We need to talk about nature

Hottentot fig at the Lizard

'In every outthrust headland, in every curving beach, in every grain of sand, there is the story of the earth.' - Rachel Carson

Nature conservationists everywhere will recognise the ancient truth at the heart of these poetic words from the renowned environmentalist and author Rachel Carson. Sadly, we also hear the undeniable modern threat. The story of the earth, particularly those chapters where land meets sea, is in big trouble.
Through the generosity of our supporters, the National Trust in the South West has the privilege of looking after great swathes of Britain’s spectacular but endangered coastline as well as thousands of precious acres inland too. We are committed to finding a better future for it all.  
Our new National Strategy launched in 2014 placed the restoration and conservation of nature at the very heart of our future work because we understand that along with the privilege comes a serious duty. 
There’s no doubt that exploring the great outdoors fills the soul. Treating yourself to a lungful of salty air fresh off the ocean, listening to the myriad calls of birds as they flit and swoop across the open skies or crouching to study the tiniest jewel of a flower – all these pleasures feel like a basic human right. But while none of us should have to live without the freedom to enjoy Britain’s rich wilderness, our relationship with nature has become complicated. We need to give it some space.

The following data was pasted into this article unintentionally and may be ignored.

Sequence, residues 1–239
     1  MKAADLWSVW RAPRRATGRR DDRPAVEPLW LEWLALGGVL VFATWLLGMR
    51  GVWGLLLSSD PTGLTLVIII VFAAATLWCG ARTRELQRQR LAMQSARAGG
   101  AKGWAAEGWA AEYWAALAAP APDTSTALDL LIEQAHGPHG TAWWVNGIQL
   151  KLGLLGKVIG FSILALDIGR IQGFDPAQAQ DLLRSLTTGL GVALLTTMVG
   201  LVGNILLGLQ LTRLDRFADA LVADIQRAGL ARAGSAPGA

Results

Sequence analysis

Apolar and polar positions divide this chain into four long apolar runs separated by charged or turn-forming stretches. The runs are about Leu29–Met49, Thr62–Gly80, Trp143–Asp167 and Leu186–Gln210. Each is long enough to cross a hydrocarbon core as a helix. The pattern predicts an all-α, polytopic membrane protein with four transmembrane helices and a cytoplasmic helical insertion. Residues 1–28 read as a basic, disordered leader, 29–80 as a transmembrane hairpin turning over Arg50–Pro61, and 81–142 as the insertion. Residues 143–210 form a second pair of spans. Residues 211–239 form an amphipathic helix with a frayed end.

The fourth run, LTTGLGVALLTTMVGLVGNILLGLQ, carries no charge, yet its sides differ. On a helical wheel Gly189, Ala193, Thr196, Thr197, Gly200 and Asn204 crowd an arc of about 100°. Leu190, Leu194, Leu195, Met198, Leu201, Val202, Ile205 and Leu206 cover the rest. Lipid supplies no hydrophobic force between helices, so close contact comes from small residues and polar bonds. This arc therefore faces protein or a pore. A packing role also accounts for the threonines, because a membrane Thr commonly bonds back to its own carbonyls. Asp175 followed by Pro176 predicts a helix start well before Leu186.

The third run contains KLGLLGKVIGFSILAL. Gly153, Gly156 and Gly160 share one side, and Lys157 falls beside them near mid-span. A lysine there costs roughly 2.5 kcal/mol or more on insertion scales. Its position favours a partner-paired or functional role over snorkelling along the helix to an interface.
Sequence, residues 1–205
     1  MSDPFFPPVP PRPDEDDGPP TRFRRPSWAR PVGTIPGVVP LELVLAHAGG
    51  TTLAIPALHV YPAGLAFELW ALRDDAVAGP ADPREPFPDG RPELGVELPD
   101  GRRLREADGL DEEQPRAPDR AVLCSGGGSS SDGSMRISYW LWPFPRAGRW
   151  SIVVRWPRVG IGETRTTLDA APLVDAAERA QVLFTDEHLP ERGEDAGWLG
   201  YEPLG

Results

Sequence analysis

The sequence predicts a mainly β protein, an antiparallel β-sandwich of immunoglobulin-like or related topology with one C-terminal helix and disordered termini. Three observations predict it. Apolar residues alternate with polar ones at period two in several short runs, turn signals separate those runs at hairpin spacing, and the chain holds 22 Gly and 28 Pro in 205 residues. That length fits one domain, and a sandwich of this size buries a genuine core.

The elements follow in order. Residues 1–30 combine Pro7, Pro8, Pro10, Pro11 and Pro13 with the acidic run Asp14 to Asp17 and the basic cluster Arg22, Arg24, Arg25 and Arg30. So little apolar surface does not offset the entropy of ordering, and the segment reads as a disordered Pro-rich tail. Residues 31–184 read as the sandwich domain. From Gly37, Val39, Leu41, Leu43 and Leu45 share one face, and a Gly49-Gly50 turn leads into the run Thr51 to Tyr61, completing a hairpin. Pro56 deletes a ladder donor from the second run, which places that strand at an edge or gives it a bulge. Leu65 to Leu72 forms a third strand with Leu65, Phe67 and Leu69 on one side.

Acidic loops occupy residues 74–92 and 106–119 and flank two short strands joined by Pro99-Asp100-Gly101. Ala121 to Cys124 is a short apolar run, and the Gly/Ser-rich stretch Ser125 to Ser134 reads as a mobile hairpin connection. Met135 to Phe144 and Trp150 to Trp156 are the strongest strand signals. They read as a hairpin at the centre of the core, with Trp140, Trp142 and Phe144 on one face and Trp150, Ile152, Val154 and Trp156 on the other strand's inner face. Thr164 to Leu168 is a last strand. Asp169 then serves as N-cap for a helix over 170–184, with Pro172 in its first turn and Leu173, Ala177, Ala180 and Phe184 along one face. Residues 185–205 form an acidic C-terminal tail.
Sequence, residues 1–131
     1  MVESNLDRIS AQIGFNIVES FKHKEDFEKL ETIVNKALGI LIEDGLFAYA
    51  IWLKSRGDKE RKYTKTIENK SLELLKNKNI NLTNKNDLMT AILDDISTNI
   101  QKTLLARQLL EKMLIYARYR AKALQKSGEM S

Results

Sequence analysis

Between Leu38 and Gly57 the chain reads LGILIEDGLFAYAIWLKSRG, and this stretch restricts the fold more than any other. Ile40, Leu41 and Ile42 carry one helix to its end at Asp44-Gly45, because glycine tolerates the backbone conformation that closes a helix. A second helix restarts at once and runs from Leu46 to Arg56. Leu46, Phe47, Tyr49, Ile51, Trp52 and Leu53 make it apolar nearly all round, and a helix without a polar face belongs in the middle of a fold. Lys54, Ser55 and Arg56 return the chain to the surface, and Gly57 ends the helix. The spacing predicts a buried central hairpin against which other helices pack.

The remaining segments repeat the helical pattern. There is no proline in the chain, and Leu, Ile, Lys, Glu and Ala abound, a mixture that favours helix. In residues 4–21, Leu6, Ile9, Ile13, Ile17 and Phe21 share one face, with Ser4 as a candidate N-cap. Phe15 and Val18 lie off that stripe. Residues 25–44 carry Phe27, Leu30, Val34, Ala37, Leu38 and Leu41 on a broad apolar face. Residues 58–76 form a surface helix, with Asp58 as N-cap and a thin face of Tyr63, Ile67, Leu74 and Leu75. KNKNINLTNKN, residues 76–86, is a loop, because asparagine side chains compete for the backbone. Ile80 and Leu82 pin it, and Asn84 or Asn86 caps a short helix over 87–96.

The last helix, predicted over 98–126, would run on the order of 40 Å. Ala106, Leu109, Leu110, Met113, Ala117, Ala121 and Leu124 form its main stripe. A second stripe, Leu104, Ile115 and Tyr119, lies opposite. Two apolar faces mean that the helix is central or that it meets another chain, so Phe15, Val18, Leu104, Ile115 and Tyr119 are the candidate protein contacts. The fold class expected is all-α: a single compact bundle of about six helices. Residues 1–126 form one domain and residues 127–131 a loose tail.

Lantic, Cornwall
Dog playing in sea, Lantic, Cornwall
Lantic, Cornwall

The Trust, along with other conservation organisations, has been working hard both scientifically and practically to reverse the damage that man’s activity has wreaked on nature over the last fifty years or so. Sixty per cent of species in Britain have declined in that time and we know the reasons why. Intensive farming methods, climate change, damaging planning decisions  – the list is long. We already act to limit  these but we are a long way from being able to shut the book. 

It’s not all gloom and doom. Take the stunning peninsulas of the Lizard in Cornwall or Purbeck in Dorset. We are proud of our achievements there so far. The balancing act when it comes to enhancing access (so that more people can have more fun) and at the same time protecting these vulnerable habitats is a constantly tricky one, but we are getting there. We work with our tenant farmers to deliver great conservation practice. Cliff top grazing has returned, pesticides use is minimised, miles and miles of wildlife corridors have been created. The Cornish chough, long absent in the 20th century, has returned, and our rare wild flowers are thriving. 

Ponies conservation grazing near Beagles Point, the Lizard
Conservation grazing ponies on the Lizard
Ponies conservation grazing near Beagles Point, the Lizard
The future is exciting too. Acquiring the 220 acre headland at Trevose near Padstow means we can make a real difference to the protection and management of this show-stopping stretch of the South West’s magnificent coastline. A little further south, there is more good news at Pentire, where a change of farm tenancy means flower-rich grasslands will be extended and nature friendly crop farming will be introduced to encourage back the rarer birds and animals we want to see once more on the North Cornish coast.
We will keep you posted on our progress – you can read the South West England chapter of the story of our beautiful earth right here.